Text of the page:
Investment in transport and mobility firms sharply declined in the first half of the year. Only 1.58 percent of last year’s $21 billion had been raised as of July 31, 2022, and the sector has been slower to raise money than at any point since 2015. It did remain the largest target for investment, and its $342 million haul year-to-date would set records if it were raised in other states, but the drop-off in California is striking. Part of the dip is surely due to “regression to the mean” because last year’s megadeals by the likes of Rivian ($5.6 billion), Faraday Future ($4.2 billion), Bird Rides ($694 million), and Proterra ($693 million) pushed the sector to very large heights. Competition from other areas might be somewhat responsible as well.
With 20 mobility deals completed this year, deal volume is only one-third of what it was last year. This means that the drop-off in mobility is not entirely related to megadeals. Again, there are signs that this is somewhat related to competition from other areas. In 2021, roughly one out of every three mobility deals were for a California company, and this year it is just 29 percent. With five deals each, Arizona and Florida had the second-most mobility deals.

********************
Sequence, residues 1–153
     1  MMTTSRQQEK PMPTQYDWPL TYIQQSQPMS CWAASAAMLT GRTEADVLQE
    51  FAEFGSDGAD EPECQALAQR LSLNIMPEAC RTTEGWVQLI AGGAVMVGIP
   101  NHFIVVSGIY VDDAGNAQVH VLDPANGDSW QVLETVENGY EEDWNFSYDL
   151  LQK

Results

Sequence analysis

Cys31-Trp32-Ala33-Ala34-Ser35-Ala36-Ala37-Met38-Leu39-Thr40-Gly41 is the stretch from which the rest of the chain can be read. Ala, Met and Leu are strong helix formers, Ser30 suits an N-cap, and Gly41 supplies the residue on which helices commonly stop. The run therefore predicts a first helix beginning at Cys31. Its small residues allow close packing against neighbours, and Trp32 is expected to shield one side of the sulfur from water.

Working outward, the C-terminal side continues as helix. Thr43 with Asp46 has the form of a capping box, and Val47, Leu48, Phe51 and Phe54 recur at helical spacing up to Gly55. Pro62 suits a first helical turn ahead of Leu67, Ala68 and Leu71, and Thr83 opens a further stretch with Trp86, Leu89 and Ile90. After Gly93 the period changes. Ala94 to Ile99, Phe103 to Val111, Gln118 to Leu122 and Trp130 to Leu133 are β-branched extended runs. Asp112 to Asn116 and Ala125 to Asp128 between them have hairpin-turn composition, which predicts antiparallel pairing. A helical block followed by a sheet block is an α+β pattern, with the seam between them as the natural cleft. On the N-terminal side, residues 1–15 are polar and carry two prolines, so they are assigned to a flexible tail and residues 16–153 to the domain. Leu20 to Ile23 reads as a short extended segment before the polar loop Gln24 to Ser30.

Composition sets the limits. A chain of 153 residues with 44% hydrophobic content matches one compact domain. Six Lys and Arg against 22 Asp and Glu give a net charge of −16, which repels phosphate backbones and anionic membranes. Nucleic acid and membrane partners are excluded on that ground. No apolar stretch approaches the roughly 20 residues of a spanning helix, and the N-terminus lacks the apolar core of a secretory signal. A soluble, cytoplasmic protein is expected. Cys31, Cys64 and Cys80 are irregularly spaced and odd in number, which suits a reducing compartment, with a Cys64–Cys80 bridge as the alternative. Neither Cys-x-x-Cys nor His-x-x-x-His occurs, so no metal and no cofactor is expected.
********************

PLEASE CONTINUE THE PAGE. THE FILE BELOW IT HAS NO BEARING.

There is increasing investment in zero-emission vehicle (ZEV) firms headquartered in Southern California, with $243 million of the $342 million in mobility funding was raised by such ventures. Carlsbad’s Aptera led the way ($240 million), but there was also Hydroplane (Sherman Oaks, $2 million), Eli Electric Vehicles (Los Angeles, $1.93 million), and Ontario’s SAM of USA ($400,000). Most of these firms are involved in both the development and the manufacture of ZEVs, with the latter activity being a promising source of green, blue-collar jobs.199
199 Patrick Adler, Brady Allardice and Andrew Yu “Green the Golden Workforce: Progress and Pathways Toward Green Jobs Leadership